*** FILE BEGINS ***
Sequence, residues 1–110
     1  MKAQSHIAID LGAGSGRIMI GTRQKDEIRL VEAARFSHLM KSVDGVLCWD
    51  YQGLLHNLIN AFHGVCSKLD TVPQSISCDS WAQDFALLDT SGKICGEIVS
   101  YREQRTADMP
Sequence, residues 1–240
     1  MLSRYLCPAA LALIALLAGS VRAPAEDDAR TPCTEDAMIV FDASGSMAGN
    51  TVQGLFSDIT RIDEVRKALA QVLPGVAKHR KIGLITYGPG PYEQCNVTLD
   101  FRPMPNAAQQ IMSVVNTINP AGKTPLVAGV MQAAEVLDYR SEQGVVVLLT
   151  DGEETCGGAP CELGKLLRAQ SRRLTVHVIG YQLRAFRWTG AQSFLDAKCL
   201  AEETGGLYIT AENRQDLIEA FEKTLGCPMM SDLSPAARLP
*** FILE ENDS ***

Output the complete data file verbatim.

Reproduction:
Sequence, residues 1–110
     1  MKAQSHIAID LGAGSGRIMI GTRQKDEIRL VEAARFSHLM KSVDGVLCWD
    51  YQGLLHNLIN AFHGVCSKLD TVPQSISCDS WAQDFALLDT SGKICGEIVS
   101  YREQRTADMP
Sequence, residues 1–240
     1  MLSRYLCPAA LALIALLAGS VRAPAEDDAR TPCTEDAMIV FDASGSMAGN
    51  TVQGLFSDIT RIDEVRKALA QVLPGVAKHR KIGLITYGPG PYEQCNVTLD
   101  FRPMPNAAQQ IMSVVNTINP AGKTPLVAGV MQAAEVLDYR SEQGVVVLLT
   151  DGEETCGGAP CELGKLLRAQ SRRLTVHVIG YQLRAFRWTG AQSFLDAKCL
   201  AEETGGLYIT AENRQDLIEA FEKTLGCPMM SDLSPAARLP